The advancement of digital technologies has given rise to the production and dissemination of many new forms of imagery of streets and urban realities. This in turn creates different spaces and encounters, new ways of using and moving through the city. What are the effects of these new forms of image-making and image-sharing on documenting and archiving streets? How are they effective in building imaginaries of urban communities and alternate worlds? And how do they shape our modes of navigation and everyday spatial practice?
This evening we will celebrate the book launch of Visualizing the Street: New Practices of Documenting, Navigating and Imagining the City, a collection of interdisciplinary essays on emerging forms of visualization of the street around the world, combining close analyses of street images and imaginaries with the study of the practices of their production and circulation.
The past years have seen new emerging forms of image-making and image-sharing, often intertwined and entangled. During this event, experts from various disciplines discuss how new imaginaries of the street are constructed. They question how these images and imageries influence the ways in which contemporary and future streets are understood, imagined, documented, navigated, mediated and visualized.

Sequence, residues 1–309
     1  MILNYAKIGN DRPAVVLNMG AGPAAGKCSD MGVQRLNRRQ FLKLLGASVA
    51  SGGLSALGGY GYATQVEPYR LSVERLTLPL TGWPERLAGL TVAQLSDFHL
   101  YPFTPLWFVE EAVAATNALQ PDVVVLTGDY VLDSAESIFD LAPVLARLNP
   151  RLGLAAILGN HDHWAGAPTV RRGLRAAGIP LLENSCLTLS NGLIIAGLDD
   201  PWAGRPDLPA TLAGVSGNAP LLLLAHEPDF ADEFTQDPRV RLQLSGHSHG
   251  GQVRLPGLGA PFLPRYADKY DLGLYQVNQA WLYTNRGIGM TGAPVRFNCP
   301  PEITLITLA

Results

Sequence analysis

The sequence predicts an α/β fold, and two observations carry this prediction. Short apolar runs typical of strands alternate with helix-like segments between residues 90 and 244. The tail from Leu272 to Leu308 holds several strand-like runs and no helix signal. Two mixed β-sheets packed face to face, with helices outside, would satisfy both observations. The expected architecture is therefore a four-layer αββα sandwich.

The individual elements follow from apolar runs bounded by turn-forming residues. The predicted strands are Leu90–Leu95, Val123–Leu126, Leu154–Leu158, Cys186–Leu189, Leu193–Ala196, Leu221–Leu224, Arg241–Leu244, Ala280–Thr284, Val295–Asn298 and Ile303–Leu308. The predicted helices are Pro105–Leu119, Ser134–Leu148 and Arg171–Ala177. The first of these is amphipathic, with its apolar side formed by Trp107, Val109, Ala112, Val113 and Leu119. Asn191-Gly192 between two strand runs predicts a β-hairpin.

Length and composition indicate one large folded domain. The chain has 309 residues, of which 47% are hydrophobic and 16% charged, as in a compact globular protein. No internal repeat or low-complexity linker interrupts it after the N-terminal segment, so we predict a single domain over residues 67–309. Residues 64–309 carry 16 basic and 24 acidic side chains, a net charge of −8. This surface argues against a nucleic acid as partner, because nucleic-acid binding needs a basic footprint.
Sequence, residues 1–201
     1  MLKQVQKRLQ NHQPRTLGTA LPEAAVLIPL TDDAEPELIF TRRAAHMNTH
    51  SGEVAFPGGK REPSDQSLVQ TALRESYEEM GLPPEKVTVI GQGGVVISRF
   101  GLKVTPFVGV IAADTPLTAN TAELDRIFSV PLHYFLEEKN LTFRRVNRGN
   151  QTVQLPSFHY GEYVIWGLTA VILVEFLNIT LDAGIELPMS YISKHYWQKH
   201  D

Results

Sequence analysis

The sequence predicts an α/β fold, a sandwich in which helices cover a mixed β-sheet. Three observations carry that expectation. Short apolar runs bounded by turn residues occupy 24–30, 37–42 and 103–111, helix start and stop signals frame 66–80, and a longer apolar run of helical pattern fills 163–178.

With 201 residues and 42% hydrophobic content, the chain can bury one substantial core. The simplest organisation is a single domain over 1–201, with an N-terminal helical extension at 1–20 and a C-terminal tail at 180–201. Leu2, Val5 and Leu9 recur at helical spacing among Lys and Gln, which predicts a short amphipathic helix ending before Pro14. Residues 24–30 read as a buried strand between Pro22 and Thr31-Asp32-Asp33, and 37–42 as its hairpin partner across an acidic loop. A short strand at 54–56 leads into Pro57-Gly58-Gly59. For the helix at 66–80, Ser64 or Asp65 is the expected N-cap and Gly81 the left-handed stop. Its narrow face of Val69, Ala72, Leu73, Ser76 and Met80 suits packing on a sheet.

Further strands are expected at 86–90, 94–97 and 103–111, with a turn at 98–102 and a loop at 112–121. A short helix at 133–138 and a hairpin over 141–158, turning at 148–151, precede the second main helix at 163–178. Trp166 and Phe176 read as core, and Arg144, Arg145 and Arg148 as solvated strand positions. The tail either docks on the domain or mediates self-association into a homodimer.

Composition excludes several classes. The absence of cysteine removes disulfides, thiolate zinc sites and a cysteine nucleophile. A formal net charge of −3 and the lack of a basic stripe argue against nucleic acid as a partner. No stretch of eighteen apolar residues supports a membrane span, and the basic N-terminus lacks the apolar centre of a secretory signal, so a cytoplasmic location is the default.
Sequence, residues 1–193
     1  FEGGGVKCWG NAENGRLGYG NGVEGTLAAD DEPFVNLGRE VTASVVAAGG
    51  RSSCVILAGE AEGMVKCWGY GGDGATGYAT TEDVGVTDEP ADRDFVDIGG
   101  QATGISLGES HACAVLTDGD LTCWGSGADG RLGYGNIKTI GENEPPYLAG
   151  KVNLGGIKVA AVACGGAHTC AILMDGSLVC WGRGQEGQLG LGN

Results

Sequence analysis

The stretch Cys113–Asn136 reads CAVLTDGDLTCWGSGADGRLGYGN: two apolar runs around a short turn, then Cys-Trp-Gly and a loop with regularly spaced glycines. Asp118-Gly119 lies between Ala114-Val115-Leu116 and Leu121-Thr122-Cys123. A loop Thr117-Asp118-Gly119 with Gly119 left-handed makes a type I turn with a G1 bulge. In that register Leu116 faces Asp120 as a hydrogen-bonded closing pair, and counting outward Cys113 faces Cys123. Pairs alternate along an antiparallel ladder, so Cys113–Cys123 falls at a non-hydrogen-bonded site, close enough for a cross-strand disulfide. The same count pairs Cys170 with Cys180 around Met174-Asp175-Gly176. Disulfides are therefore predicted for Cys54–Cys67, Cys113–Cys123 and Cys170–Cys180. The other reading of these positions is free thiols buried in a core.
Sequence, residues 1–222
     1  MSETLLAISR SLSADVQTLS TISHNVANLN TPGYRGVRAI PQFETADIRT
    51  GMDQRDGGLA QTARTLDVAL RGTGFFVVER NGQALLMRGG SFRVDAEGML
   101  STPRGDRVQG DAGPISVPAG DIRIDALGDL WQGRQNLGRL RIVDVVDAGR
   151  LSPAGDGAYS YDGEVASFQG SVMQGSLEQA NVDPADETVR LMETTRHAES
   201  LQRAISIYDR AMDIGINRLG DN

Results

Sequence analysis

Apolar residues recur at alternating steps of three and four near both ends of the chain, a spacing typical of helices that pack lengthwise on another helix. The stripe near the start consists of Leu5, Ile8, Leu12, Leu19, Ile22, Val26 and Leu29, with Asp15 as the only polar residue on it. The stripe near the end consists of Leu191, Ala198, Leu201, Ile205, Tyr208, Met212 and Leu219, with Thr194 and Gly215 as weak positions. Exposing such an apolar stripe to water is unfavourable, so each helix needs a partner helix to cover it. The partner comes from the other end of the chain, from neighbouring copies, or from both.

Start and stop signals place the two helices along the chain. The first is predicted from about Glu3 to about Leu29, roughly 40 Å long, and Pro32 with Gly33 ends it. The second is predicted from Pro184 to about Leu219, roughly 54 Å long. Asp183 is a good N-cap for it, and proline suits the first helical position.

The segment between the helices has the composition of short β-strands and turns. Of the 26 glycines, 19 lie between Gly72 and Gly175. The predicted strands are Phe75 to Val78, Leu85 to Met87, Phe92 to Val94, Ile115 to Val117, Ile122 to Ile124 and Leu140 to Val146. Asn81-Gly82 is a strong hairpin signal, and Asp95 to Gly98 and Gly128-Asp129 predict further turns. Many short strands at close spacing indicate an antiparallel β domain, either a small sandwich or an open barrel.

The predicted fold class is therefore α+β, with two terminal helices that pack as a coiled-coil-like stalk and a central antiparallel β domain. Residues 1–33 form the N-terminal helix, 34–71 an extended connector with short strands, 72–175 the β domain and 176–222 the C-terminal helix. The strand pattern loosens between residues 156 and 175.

Editors Pedram Dibazar and Judith Naeff will introduce the book and their own research in the broader field of visual urban culture and the analytic and methodological questions ahead in the study of emerging forms of urban imagery. They will be joined by Cristina Ampatzidou, Simone Kalkman and László Munteán, who will present their visions on new visualisations and imaginations of the street and the city, which follow from their respective research projects.
About the speakers
Pedram Dibazar is a lecturer in the Humanities with a focus on Cultural Analysis at Amsterdam University College.
Judith Naeff is assistant professor Cultures of the Middle East at Leiden University.
Cristina Ampatzidou is a researcher and writer with a background in Architecture and Urbanism, and founder and editor-in-chief of Amateur Cities.
Simone Kalkman is a finishing PhD candidate at the Amsterdam School for Cultural Analysis (ASCA).
László Munteán is assistant professor of Cultural Studies and American Studies at Radboud University Nijmegen, the Netherlands.
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